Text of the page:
Male Dominance in Ernest Hemingway’s Short Story Hills Like White Elephants
In life people are sometimes faced with difficult choices that could change them and their life forever. From the start, Hemmingway’s Hills Like White Elephants appears as if very little is going on throughout his narrative. In actuality, this short story is astoundingly intricate.
It involves a young couple who is facing a difficult decision on whether or not the woman, Jig, should get certain procedure done. It is soon learned that the procedure is actually an abortion of their unborn child. The man who is also known as “the American” is trying to pressure her into getting this procedure done. Hemmingway doesn’t give much on the American, let alone his name. By leaving the American anonymous, Hemingway enriches the character with quality in anonymity. He isn’t worried about his well being, life or future and is just engrossed with his current presence and the conservation of what he considers to be pleasurable to only him. This gives the American the advantage over Jig; subsequently displaying his dominance.
Jig is conflicted with an emotional choice. For her, the choice is whether to terminate the unborn child or keep it. Despite the fact that she would like to proceed forward from their same old boring life: “That’s all we do, isn’t it–look at things and try new drinks?” (Hemmingway 666) and start a family, she doesn’t want to lose the man she believes she shares a romantic connection with. This is the reason Jig is willing to put her needs and wants on hold. She believes by doing so it will prevent their relationship from failing. Being between two hills, while waiting for the train to either go with her lover or go the other way symbolizes that she is stuck in the middle of her two decisions. While the American, wants her to get rid of the unborn child, she realized the thought of losing her child and the life she lives with the man she loves is confusing and uncertain to her.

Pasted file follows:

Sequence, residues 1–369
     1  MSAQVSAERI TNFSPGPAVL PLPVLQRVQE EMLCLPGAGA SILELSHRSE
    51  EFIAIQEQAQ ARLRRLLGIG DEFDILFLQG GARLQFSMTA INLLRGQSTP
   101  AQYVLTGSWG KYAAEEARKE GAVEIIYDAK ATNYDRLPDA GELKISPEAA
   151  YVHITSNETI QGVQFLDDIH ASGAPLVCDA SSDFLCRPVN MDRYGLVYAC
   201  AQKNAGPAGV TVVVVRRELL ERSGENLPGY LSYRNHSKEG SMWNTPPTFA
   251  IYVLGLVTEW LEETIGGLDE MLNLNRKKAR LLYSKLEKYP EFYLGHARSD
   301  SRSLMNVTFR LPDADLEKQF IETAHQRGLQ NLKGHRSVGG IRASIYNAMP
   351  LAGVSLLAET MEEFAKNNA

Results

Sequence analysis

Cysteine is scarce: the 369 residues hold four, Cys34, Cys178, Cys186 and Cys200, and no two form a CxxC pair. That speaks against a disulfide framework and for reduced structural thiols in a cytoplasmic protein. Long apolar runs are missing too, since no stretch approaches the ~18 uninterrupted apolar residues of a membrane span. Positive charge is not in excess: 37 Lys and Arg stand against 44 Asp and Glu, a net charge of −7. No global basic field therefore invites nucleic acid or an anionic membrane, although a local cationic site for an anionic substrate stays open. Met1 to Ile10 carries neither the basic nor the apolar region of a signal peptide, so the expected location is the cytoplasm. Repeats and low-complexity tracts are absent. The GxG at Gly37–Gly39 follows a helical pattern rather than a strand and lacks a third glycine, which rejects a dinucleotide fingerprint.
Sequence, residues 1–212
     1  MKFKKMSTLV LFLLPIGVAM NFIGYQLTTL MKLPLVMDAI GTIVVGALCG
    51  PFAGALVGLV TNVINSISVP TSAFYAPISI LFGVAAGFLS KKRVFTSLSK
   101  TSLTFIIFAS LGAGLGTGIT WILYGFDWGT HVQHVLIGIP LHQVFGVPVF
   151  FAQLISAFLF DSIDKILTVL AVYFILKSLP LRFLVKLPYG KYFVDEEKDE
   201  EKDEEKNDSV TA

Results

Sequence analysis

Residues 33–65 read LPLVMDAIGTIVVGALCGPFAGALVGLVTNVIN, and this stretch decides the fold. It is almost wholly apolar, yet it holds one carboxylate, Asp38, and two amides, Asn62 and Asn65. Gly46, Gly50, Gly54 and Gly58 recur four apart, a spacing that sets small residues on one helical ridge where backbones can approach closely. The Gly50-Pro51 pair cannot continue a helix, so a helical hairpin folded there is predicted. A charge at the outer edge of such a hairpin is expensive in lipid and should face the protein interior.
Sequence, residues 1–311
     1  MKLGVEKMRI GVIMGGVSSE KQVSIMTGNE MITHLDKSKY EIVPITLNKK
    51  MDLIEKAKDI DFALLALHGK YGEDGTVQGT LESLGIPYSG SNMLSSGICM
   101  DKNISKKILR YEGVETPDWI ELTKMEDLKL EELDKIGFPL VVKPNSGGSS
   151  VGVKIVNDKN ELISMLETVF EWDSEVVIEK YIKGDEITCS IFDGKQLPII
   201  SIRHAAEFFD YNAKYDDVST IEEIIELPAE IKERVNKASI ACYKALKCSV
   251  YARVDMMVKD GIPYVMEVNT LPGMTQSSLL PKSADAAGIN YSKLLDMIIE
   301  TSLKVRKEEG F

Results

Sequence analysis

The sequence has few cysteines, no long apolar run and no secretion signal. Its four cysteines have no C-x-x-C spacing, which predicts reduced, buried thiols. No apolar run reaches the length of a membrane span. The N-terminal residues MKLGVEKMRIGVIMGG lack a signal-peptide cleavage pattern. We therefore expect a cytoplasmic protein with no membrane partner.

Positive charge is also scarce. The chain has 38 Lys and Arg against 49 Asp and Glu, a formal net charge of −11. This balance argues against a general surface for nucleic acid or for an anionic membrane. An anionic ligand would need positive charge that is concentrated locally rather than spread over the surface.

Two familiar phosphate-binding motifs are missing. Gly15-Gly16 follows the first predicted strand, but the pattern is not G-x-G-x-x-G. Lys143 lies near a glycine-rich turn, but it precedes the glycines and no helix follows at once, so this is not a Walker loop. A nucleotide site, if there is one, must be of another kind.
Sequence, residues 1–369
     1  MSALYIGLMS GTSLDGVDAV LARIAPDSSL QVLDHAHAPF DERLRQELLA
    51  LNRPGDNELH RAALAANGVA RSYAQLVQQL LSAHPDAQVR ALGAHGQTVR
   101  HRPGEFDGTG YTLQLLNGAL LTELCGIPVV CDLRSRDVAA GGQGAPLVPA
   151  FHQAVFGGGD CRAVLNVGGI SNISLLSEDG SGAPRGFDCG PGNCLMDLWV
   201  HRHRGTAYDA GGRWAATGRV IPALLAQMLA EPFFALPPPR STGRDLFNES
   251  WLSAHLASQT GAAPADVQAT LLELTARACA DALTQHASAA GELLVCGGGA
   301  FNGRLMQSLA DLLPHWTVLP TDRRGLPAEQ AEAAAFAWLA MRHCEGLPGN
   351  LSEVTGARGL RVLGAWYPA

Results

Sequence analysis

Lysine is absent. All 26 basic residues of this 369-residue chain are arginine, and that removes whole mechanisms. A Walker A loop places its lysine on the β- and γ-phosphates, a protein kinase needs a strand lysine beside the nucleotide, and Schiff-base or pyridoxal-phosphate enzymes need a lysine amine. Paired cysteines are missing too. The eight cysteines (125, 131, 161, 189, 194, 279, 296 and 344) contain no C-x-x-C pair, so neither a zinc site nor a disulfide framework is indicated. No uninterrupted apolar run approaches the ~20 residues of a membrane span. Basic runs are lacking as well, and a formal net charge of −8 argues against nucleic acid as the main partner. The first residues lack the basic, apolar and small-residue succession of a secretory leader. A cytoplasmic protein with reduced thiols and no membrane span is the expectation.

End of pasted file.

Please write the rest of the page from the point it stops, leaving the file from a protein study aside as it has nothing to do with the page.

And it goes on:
It appears that both the American and Jig have a fondness for traveling, although unlike Jig, it seems as if the child is a threat to him and his lifestyle now. He consistently insists and attempts to persuade her in getting the operation done: “It’s really an awfully simple operation, Jig, (…) it’s not really an operation at all.” (Hemmingway 666) “I know you wouldn’t mind it, Jig. It’s really not anything. It’s just to let the air in. (…) We’ll be fine afterward. Just like we were before” (Hemmingway 667). The subtle manipulative power that he has over Jig’s confusing thoughts transforms itself into a complete control over her decision. After finding out that she is pregnant, Jig has a difficult time weighing her options because of her dependence on the American, it isn’t long until she gives into his ways.
Although Hemmingway didn’t deliberately place male dominance in this short story, it is there. Jig altered her entire perspective due to the manipulation of the dominant man. She becomes consumed with satisfying him, and in the end she gives into his ways. Maybe Jig felt powerless or maybe she was just completely consumed with this “love” that she believes it is the right choice. Either way, it is clear that the man has the upper hand in this story and it is hidden throughout the tone.
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In life people are sometimes faced with difficult choices that could change them and their life forever. From the start, Hemmingway’s Hills Like White Elephants appears as if very little […]